Early life incarceration and duration of homelessness among Los Angeles homeless adults moving into permanent supportive housing
Early histories of incarceration drastically limit individuals in leading productive lives. This study explores whether age of first incarceration effects duration of homelessness in a sample of homeless adults.
John Lahey, BA; Hailey  Winetrobe, MPH; Robin Petering, MSW               ; Benjamin Henwood, MSW,  PhD; Suzanne Wenzel, PhD

Evidence-Based Practice in Social Work with Women in Solitary Confinement
The purpose of this presentation is to provide information on the unique characteristics, mental health needs, and evidence-based therapeutic interventions for treating women in solitary confinement.
Ali Winters, DSW, LCSW

Saturday, June 18 8:30-10:00
Plenary “From Mass Incarceration to Smart Decarceration: Social Work’s Leading Role During a Transformational Era”
Social work is uniquely positioned to lead the country out of an era of mass incarceration and into an era of decarceration. This talk will outline guiding concepts for smart decarceration, social work’s leading role in smart decarceration, and the outcomes that will be achieved. Effective, sustainable, and socially just decarceration will not occur in the absence of social work guidance; and social work is prepared to lead.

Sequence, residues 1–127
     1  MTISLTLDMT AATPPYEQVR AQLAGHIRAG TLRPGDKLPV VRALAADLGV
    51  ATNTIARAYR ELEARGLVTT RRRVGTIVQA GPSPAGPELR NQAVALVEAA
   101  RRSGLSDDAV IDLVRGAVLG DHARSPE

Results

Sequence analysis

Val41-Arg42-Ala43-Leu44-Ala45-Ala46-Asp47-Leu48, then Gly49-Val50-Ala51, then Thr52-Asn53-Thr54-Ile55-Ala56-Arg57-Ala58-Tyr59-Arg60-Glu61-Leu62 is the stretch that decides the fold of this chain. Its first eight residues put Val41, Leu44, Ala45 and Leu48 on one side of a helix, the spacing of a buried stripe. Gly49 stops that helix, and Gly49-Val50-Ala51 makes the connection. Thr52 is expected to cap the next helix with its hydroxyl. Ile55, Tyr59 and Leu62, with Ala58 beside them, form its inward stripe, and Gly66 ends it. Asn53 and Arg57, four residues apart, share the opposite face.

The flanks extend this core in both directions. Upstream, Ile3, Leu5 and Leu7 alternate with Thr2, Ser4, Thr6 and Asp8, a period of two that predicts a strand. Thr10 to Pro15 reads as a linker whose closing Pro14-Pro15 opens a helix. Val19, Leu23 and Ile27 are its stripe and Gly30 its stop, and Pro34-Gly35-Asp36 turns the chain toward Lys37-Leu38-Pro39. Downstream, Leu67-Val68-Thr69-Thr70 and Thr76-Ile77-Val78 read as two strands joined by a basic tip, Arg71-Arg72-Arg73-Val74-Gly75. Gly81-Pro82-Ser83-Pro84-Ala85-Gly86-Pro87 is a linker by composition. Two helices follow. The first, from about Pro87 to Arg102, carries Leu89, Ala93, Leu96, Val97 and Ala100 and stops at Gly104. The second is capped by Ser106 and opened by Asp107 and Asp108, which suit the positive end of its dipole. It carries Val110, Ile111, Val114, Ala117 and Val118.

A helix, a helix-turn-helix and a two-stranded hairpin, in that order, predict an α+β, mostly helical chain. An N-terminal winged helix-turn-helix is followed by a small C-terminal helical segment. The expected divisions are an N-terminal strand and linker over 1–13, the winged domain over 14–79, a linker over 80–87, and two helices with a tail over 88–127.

Carrie Pettus-Davis, assistant professor, is founding director of the Concordance Institute for Advancing Social Justice and co-founder and co-director of the Smart Decarceration Initiative. Professor Pettus-Davis oversees research to better understand factors and disseminate practices that will dramatically reduce incarceration rates.

Saturday, June 18 10:30-12:00

  1. Surviving the Row: Death Row Exonerees Speak Out
    This panel addresses the many challenges confronting those who have been released from death row and their families
    Sandra Joy, Ph.D., LCSW; John Thompson; Shareef Cousin